Deborah Levy on the Duplicity of Sentences
The Author of The Man Who Saw Everything on The Maris Review
On the duplicity of sentences:
Deborah Levy: Don’t you think life is like that … it would be bad to think, “That is a novel-shaped sentence.” I like it when a character—like we do in life—is talking about one thing and then something else comes in. I guess that is the language of the book, right? It allows a freedom for that kind of thought process to happen.
Maris Kreizman: I love how many different ways Saul can tell himself that he is beautiful.
Deborah: Well, he does have some modesty, because he affects surprise. Jennifer has forbidden him to describe her. Did you notice that there is no description of Jennifer in the book?
Maris: Of course.
Deborah: Only her silver hair. When the novel starts, she’s 23, and when the novel ends she’s around 51. We don’t know what color her hair was when she was 23 because Saul, who is narrating the story, keeps to his bargain with her. “You must never describe my body or beauty to me or to anyone else.” I was thinking, am I really going to make Jennifer come alive in this book, give hr mood and agency and attitude, without ever actually describing her? I think her clothes, towards the end, are descried, but that was so interesting. Do you get a sense of Jennifer? Can you picture her?
Deborah: I’m so pleased.
On embedding the fantastical into reality:
Deborah: The novel sets something up—the mystery of why she is so stern with him—and then later on it’s told again with more information. That suits my style of storytelling to set something up where the reader is asking “why?” and then it’s explaining later. It’s something very small, and very big. The gaze. The Man Who Saw Everything—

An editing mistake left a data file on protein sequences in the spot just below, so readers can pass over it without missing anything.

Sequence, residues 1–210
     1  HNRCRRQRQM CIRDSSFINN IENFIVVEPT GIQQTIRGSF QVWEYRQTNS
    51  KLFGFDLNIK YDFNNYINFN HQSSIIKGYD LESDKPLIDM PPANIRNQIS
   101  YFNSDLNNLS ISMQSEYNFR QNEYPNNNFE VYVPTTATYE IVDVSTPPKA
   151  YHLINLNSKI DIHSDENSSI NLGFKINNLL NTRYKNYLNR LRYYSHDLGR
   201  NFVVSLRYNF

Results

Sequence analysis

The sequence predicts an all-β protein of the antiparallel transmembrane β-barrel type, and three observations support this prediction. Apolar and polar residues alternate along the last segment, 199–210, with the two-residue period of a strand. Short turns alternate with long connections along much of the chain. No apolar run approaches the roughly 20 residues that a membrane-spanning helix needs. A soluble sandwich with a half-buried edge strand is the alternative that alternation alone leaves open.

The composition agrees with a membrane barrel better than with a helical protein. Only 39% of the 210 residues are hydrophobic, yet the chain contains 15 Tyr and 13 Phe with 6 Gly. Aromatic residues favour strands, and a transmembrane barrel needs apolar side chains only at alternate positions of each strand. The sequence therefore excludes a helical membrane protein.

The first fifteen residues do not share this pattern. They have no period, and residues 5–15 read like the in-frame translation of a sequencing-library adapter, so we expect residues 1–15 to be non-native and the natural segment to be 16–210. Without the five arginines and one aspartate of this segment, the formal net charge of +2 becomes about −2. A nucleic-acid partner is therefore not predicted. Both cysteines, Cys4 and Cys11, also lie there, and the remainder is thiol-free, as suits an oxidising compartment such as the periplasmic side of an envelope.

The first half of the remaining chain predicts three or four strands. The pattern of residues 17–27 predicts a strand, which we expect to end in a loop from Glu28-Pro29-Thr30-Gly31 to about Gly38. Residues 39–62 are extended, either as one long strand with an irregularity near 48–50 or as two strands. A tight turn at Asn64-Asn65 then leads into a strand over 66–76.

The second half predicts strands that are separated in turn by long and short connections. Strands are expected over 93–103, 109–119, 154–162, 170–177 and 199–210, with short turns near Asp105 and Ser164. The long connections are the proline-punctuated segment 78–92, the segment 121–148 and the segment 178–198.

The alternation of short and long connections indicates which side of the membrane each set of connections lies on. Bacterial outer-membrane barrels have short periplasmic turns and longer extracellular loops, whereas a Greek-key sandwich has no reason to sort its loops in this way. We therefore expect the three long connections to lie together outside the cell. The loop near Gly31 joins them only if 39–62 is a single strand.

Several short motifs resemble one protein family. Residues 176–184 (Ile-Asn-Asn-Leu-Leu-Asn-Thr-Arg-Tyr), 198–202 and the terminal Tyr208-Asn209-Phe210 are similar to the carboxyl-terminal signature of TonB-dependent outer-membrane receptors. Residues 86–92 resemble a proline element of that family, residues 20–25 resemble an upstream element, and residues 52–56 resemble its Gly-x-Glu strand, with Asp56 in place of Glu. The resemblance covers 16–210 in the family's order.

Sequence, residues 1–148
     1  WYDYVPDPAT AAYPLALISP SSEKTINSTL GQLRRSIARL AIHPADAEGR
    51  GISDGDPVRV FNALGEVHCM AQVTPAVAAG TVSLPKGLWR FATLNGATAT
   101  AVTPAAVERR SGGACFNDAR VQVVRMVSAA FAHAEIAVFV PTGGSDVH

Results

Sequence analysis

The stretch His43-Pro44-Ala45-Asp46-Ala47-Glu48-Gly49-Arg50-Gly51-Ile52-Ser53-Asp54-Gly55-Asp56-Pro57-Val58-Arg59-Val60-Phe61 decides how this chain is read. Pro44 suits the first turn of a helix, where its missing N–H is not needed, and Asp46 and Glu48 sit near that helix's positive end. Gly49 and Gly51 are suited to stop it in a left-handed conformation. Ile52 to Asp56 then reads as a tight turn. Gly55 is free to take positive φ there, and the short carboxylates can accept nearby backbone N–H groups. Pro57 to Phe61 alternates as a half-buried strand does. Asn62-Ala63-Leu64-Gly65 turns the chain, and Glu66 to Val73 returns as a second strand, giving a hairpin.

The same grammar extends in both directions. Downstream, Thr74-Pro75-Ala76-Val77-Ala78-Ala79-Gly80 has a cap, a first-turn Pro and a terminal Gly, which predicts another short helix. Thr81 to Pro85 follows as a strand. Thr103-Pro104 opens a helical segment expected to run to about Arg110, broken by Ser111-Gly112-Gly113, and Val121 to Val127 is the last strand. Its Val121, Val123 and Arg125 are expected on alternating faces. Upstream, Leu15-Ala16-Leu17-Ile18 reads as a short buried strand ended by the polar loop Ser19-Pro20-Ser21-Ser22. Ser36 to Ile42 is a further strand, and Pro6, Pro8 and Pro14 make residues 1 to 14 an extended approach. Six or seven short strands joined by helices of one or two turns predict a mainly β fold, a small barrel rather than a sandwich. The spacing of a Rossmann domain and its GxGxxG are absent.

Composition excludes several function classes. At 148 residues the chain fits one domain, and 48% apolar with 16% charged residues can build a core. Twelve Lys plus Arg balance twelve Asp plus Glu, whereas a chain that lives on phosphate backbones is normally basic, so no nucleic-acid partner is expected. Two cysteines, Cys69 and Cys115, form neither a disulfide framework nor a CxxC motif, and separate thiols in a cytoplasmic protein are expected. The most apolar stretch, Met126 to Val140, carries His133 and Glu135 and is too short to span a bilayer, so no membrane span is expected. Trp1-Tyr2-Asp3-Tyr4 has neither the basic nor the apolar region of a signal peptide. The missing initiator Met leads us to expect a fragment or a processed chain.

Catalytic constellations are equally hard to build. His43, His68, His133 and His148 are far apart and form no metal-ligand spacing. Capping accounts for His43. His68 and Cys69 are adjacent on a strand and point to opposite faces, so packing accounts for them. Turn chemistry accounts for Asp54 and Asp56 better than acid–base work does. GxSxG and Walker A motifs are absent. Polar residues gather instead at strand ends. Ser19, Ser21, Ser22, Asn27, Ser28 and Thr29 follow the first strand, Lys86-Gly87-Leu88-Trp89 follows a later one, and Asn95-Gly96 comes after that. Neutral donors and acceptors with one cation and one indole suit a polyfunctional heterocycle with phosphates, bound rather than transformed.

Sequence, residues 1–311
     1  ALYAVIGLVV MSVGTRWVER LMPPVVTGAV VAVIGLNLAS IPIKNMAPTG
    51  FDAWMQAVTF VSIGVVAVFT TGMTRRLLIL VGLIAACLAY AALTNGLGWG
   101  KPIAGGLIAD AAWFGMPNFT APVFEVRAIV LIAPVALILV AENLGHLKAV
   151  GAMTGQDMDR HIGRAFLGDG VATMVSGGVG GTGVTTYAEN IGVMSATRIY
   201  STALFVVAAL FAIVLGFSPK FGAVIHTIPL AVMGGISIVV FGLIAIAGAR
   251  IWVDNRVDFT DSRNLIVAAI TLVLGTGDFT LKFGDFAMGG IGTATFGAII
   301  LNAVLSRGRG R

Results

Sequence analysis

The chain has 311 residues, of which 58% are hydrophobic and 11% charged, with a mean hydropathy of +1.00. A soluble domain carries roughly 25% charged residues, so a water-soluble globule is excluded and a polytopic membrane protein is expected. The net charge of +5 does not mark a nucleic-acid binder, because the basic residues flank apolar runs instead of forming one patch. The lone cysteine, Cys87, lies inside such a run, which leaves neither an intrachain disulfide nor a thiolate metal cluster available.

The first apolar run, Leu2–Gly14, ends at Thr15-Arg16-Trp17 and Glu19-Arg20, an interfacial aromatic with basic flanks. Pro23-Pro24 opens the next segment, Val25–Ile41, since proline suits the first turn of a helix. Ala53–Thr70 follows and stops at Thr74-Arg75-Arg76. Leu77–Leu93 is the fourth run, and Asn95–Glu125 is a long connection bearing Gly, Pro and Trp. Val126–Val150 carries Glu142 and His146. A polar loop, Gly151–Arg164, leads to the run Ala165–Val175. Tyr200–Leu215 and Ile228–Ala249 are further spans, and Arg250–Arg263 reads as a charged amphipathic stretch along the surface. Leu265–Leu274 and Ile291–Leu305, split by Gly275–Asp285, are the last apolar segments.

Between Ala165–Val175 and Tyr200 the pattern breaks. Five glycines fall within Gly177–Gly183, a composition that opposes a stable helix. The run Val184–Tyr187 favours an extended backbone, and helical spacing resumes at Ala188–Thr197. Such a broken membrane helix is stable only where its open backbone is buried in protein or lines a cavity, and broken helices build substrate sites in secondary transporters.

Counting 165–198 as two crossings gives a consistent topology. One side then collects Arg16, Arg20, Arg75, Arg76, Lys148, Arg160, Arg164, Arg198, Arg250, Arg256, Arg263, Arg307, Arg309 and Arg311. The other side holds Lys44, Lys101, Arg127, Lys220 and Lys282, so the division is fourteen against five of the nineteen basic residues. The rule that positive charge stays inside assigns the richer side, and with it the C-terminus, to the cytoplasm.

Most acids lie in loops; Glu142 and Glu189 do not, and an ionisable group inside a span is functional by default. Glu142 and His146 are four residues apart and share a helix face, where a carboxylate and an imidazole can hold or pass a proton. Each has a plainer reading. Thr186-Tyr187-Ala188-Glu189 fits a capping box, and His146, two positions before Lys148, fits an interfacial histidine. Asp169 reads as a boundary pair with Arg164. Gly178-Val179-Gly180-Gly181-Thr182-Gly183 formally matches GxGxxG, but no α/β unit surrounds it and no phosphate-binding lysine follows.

Maris: A very clever title.
Deborah: —chimes through every page
Maris: Also, of course, the photo exhibit that Jennifer does that is inspired by Saul is called “A Man in Pieces.” That is also a very good description of what we see of Saul in the novel.
Deborah: Someone told me that I should have titled the book A Man in Pieces. … Then I said, it’s tempting, but if you call it A Man In Pieces you’ve already written the novel in the title. You’ve given everything away.
Maris: And it takes a little while with the title to tell what you’re doing there.
On the challenges of writing in the first person:
Deborah: It’s written in the first person, and that can be sometimes too close as a reader and a writer. It’s quite claustrophobic. You need to open the windows a bit, let in some fresh air. The challenge of writing in the first person is to let in other subjectivities. Jennifer fills in some of the gaps in his story. Jack comes into his own in the end. Saul wants to deny that Jack is a major person in his life. He wants to make Jack minor.
Maris: Jack is just the guy who finishes lunch one day.
Deborah: Exactly. I always like to say they have lunch at the end of the twentieth century. … I quite like writing for the end of centuries. We have a long way to go with our current one.
Deborah Levy writes fiction, plays, and poetry. The author of highly praised novels, including Hot Milk and Swimming Home (both Man Booker Prize finalists), The Unloved, and Billy and Girl, the story collection Black Vodka, and two parts of her working autobiography, Things I Don’t Want to Know and The Cost of Living, she lives in London. The Man Who Saw Everything is her latest novel, also a Booker Prize nominee.